set of 16 samples (while the corresponding plots for 8 samples were given from Eq. 2 is dose to 1, and since it cannot exceed one, lts. statistIcal

in Ref. 6). scatter must be small no matter how large the scatter of matenal param-

Figs. 9(a-b) show the statistical results for the transverse distribution eters is.

of longitudinal stress above the support and the deflection curve for the By contrast the statistical spread of the creep deflection increments

first example. The values of the mean 2s (s = standard deviation) are [Fig. 9(b is I~rger because, as one can prove (see Appendix I, Eq .. 5b),

plotted. These values represent the 95% confidence limits for the results, it is equal to the deflection Wei of an elastic continuous two-spa~ girder

i.e., the limits that are exceeded with 2.5% probability on the plus side (i.e., the girder with its final structural system).ca.used by a~phed lo~d

and 2.5% on the minus side. To assure good long-term serviceability it (in our case the unit own weight 1 kN/m) multiplied by the mcrease m

seems reasonable to require that the design of box girder bridges should the creep coefficient value, i.e.,

be based on these limits.

570

569

ApPENDIX I.-EFFECTS OF A CHANGE OF STRUCTURAL SYSTEM

~W(t, t,) == ~w(10,OOO, 35) = WeI (J(lO,OOO, 28) - J(35, 28)] .......... (3)

The constant dead load is applied suddenly at age 10 on the structure

in which W is the deflection and is the elastic modulus used to calculate in its initial structural system I, which may be statically determinate or

WeI' Thus, the statistical scatter of / is manifested in the statistical scatter indeterminate. Due to the linearity of the creep law and the assumption

of the deflection almost proportionally. that the structure is homogeneous, the stresses remain constant and equal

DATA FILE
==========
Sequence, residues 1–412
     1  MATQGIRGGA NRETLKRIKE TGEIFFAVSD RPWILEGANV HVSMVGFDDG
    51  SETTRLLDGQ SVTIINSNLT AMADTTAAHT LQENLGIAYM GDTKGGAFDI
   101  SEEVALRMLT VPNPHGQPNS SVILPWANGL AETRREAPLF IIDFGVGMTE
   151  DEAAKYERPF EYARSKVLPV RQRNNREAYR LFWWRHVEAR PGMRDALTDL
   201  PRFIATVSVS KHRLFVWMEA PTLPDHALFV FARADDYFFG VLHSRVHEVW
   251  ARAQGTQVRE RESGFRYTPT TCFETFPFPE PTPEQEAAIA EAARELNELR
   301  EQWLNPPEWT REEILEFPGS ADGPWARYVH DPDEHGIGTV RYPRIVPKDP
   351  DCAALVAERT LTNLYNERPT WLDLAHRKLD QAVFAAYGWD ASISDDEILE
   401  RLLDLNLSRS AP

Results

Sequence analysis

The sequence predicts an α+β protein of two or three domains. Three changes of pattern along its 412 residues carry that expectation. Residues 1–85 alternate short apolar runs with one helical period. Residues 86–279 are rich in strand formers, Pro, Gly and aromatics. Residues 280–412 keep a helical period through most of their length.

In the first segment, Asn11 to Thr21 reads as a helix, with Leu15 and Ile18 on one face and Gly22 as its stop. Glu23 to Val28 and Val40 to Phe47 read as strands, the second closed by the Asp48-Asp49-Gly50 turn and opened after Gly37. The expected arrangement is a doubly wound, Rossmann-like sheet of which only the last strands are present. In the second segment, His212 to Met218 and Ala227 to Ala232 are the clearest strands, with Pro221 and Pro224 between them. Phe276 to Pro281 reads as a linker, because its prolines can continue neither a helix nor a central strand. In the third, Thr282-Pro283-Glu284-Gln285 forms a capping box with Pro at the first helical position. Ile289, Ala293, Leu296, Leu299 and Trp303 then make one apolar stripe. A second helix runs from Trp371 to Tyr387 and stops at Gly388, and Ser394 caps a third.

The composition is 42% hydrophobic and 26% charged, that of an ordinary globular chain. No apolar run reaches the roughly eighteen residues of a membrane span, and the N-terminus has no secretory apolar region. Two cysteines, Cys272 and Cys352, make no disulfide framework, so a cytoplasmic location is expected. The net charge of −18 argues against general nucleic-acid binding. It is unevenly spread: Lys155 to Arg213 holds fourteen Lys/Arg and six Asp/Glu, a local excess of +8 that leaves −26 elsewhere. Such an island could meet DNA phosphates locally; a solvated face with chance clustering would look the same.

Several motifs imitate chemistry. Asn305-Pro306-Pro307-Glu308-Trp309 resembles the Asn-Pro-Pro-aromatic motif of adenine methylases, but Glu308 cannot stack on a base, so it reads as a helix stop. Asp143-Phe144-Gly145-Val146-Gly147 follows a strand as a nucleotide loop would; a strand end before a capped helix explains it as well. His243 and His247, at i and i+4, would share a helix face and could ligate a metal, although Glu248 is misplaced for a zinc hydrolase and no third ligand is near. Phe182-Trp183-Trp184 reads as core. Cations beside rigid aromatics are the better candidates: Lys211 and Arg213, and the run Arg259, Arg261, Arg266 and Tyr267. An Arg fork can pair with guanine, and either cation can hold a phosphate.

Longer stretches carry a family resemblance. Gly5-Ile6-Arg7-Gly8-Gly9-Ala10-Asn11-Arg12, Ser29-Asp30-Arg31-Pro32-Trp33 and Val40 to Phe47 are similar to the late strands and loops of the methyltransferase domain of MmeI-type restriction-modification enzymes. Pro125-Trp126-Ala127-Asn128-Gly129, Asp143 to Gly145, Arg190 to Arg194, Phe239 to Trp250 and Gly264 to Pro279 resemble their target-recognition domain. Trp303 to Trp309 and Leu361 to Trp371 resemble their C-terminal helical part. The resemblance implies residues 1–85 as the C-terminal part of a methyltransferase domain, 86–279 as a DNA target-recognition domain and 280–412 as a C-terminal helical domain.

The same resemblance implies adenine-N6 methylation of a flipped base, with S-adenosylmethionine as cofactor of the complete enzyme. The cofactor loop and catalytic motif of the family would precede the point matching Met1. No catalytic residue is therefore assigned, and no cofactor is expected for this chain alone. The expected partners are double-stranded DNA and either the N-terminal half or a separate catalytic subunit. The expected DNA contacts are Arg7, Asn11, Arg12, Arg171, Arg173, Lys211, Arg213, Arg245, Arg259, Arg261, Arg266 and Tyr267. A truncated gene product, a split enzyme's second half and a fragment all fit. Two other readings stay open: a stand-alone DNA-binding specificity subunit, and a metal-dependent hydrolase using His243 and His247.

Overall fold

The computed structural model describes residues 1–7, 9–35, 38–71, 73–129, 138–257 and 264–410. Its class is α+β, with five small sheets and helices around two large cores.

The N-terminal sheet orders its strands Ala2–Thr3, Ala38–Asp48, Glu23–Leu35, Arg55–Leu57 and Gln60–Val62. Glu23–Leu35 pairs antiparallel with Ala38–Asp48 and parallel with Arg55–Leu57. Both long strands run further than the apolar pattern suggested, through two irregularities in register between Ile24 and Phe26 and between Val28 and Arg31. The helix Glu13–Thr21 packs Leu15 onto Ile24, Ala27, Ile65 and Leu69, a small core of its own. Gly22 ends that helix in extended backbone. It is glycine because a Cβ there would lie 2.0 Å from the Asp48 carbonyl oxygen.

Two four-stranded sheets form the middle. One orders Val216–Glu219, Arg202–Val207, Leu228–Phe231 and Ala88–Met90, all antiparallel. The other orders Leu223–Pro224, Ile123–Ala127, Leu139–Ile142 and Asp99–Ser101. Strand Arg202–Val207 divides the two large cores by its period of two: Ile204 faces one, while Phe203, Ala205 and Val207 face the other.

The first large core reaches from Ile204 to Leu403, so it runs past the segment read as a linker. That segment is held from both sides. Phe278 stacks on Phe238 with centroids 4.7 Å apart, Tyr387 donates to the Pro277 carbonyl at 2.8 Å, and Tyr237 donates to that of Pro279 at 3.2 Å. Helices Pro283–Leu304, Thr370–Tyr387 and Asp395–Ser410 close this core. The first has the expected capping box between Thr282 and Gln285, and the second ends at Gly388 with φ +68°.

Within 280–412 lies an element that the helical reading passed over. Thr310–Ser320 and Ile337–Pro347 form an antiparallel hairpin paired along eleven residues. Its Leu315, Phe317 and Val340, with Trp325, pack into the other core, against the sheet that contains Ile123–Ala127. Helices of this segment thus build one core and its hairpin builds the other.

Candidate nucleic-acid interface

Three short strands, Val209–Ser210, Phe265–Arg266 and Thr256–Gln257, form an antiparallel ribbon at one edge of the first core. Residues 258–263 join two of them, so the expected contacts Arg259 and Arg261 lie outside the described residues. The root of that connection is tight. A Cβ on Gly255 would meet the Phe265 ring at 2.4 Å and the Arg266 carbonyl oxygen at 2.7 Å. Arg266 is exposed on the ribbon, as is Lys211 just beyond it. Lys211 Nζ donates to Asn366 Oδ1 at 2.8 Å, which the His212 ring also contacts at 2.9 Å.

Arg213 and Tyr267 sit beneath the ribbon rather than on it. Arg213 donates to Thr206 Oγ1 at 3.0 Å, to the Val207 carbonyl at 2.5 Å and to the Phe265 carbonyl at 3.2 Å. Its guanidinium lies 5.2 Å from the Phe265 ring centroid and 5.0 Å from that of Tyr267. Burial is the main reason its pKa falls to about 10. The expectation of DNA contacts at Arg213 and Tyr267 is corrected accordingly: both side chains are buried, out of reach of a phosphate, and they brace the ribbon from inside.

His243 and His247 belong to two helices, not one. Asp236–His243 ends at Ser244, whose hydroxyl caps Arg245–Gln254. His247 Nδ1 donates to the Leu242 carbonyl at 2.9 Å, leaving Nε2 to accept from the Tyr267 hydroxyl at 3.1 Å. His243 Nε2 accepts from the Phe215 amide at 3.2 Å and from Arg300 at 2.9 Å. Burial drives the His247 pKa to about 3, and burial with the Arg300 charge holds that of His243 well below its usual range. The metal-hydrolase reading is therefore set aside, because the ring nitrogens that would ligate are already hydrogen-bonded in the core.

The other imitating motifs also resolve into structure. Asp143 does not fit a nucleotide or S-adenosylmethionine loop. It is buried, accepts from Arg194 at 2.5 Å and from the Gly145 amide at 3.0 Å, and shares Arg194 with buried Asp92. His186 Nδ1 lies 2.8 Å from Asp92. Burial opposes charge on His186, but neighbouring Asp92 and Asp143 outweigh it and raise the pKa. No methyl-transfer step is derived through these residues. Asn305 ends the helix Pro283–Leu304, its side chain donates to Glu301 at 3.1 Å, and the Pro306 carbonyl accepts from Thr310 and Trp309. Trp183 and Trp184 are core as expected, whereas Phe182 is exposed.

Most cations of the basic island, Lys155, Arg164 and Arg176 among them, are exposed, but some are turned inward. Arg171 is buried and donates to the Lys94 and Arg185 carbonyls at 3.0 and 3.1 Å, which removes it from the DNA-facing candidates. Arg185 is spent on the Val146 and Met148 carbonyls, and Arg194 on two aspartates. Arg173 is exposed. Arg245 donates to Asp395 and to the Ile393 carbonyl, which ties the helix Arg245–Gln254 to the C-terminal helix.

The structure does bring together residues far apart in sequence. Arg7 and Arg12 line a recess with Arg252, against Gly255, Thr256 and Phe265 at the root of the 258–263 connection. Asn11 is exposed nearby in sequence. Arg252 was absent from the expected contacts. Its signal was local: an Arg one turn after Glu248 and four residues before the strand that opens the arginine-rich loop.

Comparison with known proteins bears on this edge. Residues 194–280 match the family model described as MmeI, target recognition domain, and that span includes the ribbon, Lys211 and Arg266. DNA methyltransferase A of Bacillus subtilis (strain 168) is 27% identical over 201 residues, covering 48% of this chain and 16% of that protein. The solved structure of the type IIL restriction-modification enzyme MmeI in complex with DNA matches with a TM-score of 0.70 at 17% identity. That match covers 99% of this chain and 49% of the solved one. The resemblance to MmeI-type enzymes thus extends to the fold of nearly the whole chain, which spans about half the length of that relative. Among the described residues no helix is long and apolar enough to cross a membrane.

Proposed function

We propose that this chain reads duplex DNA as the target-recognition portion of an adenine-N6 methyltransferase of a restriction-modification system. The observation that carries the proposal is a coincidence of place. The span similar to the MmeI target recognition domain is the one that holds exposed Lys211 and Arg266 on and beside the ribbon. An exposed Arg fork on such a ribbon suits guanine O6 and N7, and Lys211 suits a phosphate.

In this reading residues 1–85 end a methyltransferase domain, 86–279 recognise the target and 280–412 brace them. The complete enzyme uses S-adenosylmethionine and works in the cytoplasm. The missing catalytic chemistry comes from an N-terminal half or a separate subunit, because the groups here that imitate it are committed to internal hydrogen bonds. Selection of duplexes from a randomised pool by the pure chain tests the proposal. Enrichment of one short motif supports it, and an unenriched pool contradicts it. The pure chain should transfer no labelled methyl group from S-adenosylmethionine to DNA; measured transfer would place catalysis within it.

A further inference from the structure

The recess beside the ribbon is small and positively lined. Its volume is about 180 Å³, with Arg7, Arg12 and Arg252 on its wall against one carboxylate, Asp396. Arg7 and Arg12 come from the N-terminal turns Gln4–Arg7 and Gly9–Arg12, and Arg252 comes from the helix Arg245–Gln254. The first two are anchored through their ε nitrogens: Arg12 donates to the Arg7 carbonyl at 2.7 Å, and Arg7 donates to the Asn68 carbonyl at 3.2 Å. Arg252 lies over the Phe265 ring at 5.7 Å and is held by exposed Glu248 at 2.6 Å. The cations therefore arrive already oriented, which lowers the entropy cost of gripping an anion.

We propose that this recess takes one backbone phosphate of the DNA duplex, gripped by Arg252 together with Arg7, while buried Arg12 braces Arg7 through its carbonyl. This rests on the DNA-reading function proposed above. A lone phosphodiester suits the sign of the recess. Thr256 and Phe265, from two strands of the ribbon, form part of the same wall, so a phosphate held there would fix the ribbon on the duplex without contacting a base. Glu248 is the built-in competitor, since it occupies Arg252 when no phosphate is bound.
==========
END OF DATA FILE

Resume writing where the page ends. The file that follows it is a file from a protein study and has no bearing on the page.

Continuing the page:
In view of the dismal experience with deflections of some prestressed to the initial elastic stresses (JeI(-!) where -! == (x,y,z); x is the axial co-

concrete box girder bridges built in the past, the foregoing observations ordinate of the girder and y, z are the transverse cartesian coordinates.

about the statistical scatter should be talc;en into account by bridge de- At time I, the structural system is changed to system II by adding to

signers. When the statistical variability just demonstrated is superim- system I further constraints without any sudden change of stresses at

posed on the effect of the shear lag on deflections, one can understand time I,. Alcording to Ref. 4, the easiest method to calculate the effect

that the real deflections of the bridge can be far larger than those ob- of this change is as follows: First we imagine the deformations to be

tained by deterministic calculations according to the bending theory, which frozen from time I, on, e.g., ~E (-!, I) == E(-!, I) - E(-!, I,) == O. This would

are customary at present and are permitted by the design codes now in

cause stress variation (J(!, I) which satisfies at every location ~ the fol-

effect. (We have not yet considered the effect of nonuniform humidity

and temperature distributions in the structure, which tend to further lowing equations:

augment the deflections!)

1. For an exact linear solution:

Finally, it should be emphasized that the statistical' spread of the re-

sults depends on the accuracy of the creep prediction model. The im-

proved BP model used in this study is relatively complicated but has a

much smaller statistical uncertainty than the existing recommendations

E(-!, I) - E(!, I,) = I'

It

/(t,t') (J(-!,dt') + (Je(-!)(J(I, ' 0) - J(t"lo == 0 .... (4/l)

but the standard deviations of the compliance function obtained accord- 2. For a simplified solution (by age adjusted effective modulus method):

ing to these recommendations are almost twice as large as those of the (Y(-!, I) - (Y(-!, I,)

BP model (10). Thus, the spread of the statistical results for the deflec- IO(X I) - E(X I ) == + (J"I(X)\ J(I, to) - 1(1" to) = o...... (4b)

tions in Fig. 9(b) would approximately double if the calculations were car- -' -' , "(1, t,) -

ried out according to the existing recommendations of ACI or CEB-FIB.

where u(:r,dl') == (dIJ(-!,l')/iWldt'; and "(1,1,) == (/,)/(1 + X(I,I,) 4>(1,1,))

= age-adjusted effective modulus. Substituting u(-!, I) == r(l) (Je(.(!) where

CONCLUSIONS

r(l) == relaxation ratio, we get from Eq. 4/l for the exact solutIOn a Vol-